Frontline officers may be cut if government will not deliver more funding, Lincolnshire PCC warns

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Lincolnshire Police and Crime Commissioner Marc Jones has said that frontline officers and staff could be reduced unless the government provides more money for the force.

In an interview with Lincolnshire Reporter, Marc Jones said that the force had a hole in its budget of £3 million for next year, doubling to £6 million for the year after, and appealed for the government to come up with a new funding formula.

The PCC was speaking as he launched the Safer Together, Community Safety, Policing and Criminal Justice Plan for Lincolnshire from April 2017 to March 2021.

He said: “To put this into perspective, if we got rid of all the PCSOs in Lincolnshire tomorrow, we’d still have another £1 million to find out of that £3 million.

When asked if that meant scrapping PCSOs, the PCC said: “Absolutely not. We need them – they’re part of our delivery of frontline services.”

The PCC said that there would have to be a radical look at how Lincolnshire was policed if the government did not follow through with additional vital funding.

He added: “It will become a much more responsive police force.

“80% of our funding is spent on frontline police officers so if you have to take millions of pounds out of your budget, that affects the number of people in your organisation.

“That being said, you can do things much better if you invest in the right technologies, you can deliver more hours on the street for police officers.”

Among the actions set out in the Safer Together plan are:

  • Create a single joined up approach to reducing offending and re-offending and establish integrated offender management to tackle our most challenging and prolific offenders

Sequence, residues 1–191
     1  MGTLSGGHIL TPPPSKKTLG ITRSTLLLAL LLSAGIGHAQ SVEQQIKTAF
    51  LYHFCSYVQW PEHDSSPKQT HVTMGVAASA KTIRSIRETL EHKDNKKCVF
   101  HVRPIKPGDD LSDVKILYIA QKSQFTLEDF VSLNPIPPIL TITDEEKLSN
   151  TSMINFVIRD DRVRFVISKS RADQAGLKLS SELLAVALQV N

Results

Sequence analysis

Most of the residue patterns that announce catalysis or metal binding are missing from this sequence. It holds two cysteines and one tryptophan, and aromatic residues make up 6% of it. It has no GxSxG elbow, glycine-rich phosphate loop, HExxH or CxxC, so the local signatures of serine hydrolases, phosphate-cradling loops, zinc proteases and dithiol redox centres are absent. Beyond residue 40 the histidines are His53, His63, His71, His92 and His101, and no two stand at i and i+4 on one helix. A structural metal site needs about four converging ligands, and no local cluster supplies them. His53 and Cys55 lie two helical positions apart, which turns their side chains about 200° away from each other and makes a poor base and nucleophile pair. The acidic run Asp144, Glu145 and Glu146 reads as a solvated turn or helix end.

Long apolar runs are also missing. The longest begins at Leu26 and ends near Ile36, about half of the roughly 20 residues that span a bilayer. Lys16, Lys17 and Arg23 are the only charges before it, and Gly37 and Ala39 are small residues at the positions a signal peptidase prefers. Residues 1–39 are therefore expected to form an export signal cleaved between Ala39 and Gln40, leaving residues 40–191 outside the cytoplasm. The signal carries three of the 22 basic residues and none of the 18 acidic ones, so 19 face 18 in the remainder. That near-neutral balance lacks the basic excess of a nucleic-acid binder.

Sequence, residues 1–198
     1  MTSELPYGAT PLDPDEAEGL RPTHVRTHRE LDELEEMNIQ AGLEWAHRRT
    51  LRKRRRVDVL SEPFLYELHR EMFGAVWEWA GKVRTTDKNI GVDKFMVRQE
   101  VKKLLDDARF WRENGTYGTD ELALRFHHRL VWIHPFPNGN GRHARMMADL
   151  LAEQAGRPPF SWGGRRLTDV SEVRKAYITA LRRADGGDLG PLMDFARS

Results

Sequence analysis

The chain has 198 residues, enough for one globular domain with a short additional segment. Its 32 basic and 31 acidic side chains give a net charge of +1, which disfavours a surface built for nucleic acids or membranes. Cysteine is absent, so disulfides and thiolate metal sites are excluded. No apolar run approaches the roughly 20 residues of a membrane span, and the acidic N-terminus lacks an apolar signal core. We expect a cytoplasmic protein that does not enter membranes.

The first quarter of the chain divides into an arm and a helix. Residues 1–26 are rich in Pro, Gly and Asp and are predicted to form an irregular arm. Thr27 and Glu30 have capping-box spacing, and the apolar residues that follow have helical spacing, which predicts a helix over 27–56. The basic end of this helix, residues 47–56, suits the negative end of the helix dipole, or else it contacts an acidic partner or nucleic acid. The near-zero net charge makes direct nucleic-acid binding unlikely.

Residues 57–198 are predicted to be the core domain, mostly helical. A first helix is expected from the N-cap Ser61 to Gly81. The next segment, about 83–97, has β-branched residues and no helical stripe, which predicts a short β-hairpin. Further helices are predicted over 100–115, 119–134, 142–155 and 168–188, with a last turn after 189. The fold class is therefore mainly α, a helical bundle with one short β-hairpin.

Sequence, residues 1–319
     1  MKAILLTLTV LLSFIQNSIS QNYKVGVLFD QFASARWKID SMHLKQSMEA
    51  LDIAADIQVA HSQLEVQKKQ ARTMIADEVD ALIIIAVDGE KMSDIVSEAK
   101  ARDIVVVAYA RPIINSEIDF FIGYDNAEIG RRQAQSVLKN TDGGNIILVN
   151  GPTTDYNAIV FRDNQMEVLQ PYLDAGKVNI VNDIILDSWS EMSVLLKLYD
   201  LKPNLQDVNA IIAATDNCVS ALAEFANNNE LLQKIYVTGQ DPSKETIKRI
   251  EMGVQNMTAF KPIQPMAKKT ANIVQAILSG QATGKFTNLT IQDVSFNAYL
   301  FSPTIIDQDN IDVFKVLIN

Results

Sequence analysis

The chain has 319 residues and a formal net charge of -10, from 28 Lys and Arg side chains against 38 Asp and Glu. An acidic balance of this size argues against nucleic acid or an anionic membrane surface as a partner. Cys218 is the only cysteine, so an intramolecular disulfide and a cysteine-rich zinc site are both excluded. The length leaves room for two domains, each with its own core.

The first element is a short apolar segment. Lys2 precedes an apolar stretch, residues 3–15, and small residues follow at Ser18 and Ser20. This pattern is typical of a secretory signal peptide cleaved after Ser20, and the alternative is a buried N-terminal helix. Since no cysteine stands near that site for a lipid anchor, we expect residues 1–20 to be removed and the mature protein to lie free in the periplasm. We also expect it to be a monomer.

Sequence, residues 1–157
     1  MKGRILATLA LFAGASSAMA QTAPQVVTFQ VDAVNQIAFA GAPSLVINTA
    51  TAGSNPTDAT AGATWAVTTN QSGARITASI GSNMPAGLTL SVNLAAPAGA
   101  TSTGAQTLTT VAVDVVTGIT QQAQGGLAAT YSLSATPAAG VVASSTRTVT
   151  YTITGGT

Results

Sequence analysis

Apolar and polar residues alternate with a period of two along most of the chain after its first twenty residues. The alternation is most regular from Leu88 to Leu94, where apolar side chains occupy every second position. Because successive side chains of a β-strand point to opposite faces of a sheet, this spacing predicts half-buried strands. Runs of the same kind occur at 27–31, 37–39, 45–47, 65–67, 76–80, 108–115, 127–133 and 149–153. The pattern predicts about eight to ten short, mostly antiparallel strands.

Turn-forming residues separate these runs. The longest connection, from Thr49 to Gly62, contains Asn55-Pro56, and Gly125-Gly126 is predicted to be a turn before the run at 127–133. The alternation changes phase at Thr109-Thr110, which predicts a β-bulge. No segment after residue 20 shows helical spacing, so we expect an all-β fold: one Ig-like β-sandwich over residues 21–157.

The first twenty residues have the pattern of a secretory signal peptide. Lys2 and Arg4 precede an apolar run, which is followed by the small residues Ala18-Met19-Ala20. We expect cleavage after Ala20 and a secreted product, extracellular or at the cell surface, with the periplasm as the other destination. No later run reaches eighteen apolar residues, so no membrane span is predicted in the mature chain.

• Create a coherent approach to managing offenders released from prison to maximise the chance of rehabilitation and reduce reoffending
  • Support for citizen involvement through volunteers and ‘watch’ schemes
  • Raise awareness of elder abuse and of those with learning difficulties or other vulnerabilities and work with partners to identify and disrupt threats to the vulnerable, for example from targeted ‘scamming’
  • Establish a Youth Advisory Group to seek the views of the young from a range of backgrounds
  • Create a Community Commission to ensure the public voice is heard from across the county
  • Commission, with partners, specialist adult and children services to support victims of sexual crimes and domestic abuse with compassionate services that support them through the criminal justice process and beyond
  • Ensure services are commissioned to keep those with mental health needs out of the criminal justice system
  • Invest in ensuring the police have access to mental health advice and support in the force control room, in the community and through improved training and awareness for officers and staff
  • Support neighbourhood policing, backed by specialist support, that work with their communities to identify, prevent and tackle crime
  • Invest in appropriate information and communication technology (ICT) to support modern frontline policing enabling officers to spend less time desk-bound and more time out in the community
  • Invest in appropriate equipment to meet the varied needs of policing a large and diverse county
  • Provide fit for purpose property suitable for modern and flexible policing, including the creation of a combined police, fire and ambulance station in Lincoln to share resources and to support and enhance their emergency response to the public

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